I hate the entire fact that we can all hammer down power in -10% descents because Zwift has to support also people on non-smart trainers.

      To me it looks like the days with Zwift trying to support the most hardware are soon to be forgotten, and now that the user base is growing more than ever it is the right move to start preparing to catch the segment of people who will soon need to buy a new trainer because otherwise they won’t be able to join the next Tour Of Watopia race.

    • I think there are ways we can get closer and closer to it.

      A) Why does Zwift ask to seperately pair cadence on a smart trainer? Just do it, unless the user tells you otherwise.
      B) Why can’t Zwift be smarter about pairing in general, in 99% of house-holds, there’s only one smart trainer. Just pair the darn thing and then ask a simple confirmation box. Same goes for HR strap.
      C) Zwift has the ANT+ ID’s of every power meter on the market (heck, I do too), it’s easy to figure out what’s a power meter from a trainer, again, this should be all automatic.
      D) Zwift should know whether to pair via BLE or ANT+

      Mind you, other apps are just as guilty on this front. Nobody seems to be thinking about how to optimize the first time flow.

    • Luca

      Agree with all your points, these are all no-brainers and certainly easy wins.

      More in general I believe that in the next 3-5 years, as more people come on board, there will be the concept of Zwift as a stand-alone experience.
      And soon after there won’t be such thing as a smart trainer for most: people will “buy Zwift”, which includes an indoor bike with its own graphic processor and (finally) ergonomic controls.

      Who continues with the old setup won’t have the full experience, pushing more people to buy Zwift’s HW. And that’s the strategy I would pursue if I was an investor sitting on the board.

    • Eric

      Agree. I use TR more times than not and only sub to zwift a month or two a year. TR just works when it comes to pairing

    • Konstantine Poukhov

      That is assuming that every cyclist wants Zwift and nothing else. I agree about Zwift being dominant in a big way, but being the only solution to everyone – I do not think it is actually the case.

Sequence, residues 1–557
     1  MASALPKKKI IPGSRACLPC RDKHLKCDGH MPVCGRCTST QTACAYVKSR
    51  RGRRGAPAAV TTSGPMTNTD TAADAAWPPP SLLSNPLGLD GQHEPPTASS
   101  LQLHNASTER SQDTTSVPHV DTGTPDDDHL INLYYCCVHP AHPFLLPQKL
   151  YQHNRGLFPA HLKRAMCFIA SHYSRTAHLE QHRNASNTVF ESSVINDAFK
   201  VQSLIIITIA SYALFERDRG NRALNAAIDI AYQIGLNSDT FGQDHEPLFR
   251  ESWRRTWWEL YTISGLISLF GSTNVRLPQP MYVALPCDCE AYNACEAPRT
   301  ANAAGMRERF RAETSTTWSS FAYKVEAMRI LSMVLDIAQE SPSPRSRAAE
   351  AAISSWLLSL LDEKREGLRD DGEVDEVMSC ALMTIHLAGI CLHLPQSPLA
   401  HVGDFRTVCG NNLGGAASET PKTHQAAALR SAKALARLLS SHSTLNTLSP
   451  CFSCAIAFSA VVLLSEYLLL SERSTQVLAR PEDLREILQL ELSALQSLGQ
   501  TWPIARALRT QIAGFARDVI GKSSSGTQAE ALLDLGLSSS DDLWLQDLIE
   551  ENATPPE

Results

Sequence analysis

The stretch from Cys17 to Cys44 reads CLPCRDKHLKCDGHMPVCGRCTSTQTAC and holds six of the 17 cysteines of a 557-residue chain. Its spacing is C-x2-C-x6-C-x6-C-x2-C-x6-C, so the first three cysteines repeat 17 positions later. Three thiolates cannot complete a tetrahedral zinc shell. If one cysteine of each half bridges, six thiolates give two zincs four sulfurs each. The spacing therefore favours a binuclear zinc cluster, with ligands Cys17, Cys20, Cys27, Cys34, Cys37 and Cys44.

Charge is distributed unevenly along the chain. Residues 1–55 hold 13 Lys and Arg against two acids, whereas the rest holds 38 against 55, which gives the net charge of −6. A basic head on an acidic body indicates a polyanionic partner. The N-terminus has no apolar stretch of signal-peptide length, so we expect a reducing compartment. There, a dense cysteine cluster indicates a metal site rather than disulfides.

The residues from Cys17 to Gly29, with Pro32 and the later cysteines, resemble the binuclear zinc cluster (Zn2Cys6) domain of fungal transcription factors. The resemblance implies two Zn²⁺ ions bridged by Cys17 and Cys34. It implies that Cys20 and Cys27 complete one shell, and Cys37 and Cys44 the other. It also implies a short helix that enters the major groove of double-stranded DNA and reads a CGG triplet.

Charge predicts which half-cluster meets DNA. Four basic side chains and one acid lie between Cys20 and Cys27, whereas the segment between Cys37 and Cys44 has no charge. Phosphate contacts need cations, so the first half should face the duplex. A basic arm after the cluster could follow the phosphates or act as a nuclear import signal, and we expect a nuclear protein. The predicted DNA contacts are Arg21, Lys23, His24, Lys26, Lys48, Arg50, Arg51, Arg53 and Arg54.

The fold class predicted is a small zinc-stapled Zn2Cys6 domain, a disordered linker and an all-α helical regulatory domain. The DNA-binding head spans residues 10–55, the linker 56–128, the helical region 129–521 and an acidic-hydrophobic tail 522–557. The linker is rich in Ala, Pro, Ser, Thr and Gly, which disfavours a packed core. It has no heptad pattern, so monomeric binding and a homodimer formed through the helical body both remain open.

• Joseph Greenwell

      I hadn’t used FulGaz in over a year and I tried it last night because I figured it must have improved. That is not the case. I tried it on my pc, iPad, and iPhone. It works really well on the iPhone but there just isn’t a good way to get it on the big screen. I need to retry with my atv4k and see if it will even run a decent stable video.

    • Fitz

      Zwift is expanding their TAM to include the massive world of people interested in home fitness who don’t know what the Fk Ant+ is and never will because this model of piecing together multiple bits of 3rd party tech is a nightmare for the average consumer and it does. Not. Scale.

  16. Mike

    I wish there was a “game” competitor to Zwift. I don’t care at all about riding with others, endless meaningless stats about stuff I don’t care about on the main page. All I want is a virtual landscape mapped to my trainer and basic stats, training plans.

  17. Michael Dunn

    Perhaps even more telling is how uncaring this move is to the individuals that have been laid off. At a time when Zwift is seeing perhaps it’s greatest increase in subscriptions, a company that is thriving during the COVID-19 outbreak, they chose to lay off a number of people who’ll have no chance of finding employment for the foreseeable future. Given all the reasons and difficulties Ray outlined in his post for Zwift to pursue a hardware venture in this coming year, laying off anyone seems shockingly insensitive for a company that is actually growing during this time.

    They could have continued to operate as is, and then made the move when things settled down, easing the burden and anxiety of these unfortunate individuals that find themselves without a job and without medical benefits. I’ll be ending my Zwift subscription today, and using TrainerRoad exclusively!

    • Mark H

      I agree it’s a poor way to treat one’s employees and is probably bad for morale.

      On the other hand, all the employees most likely already knew through the grapevine that there was a layoff happening, they just didn’t know exactly who was affected. This provides them with quick closure instead of having a sword hanging over them the whole indefinite duration of the emergency.

      Getting the layoffs over now is better for the mental health of everyone in the company, and better for the company because now the people left can get on with their work instead of worrying.

      One hopes Zwift extends the benefits of those laid off, and extend their full time pay like some other companies are doing for employees who cannot work right now.

      As Ray said, it’s not like Zwift is hurting. How it treats these (former) employees will show the true character of the company.

    • usr

      Depends. If it’s really just VP level employees then they’d continue to be influential and push “their” topics if they were only functionally demoted but not fired. People on that level often become an enemy within when pushed aside but not outside. But the risk of being let go at the worst moment was surely priced into the compensation they enjoyed before.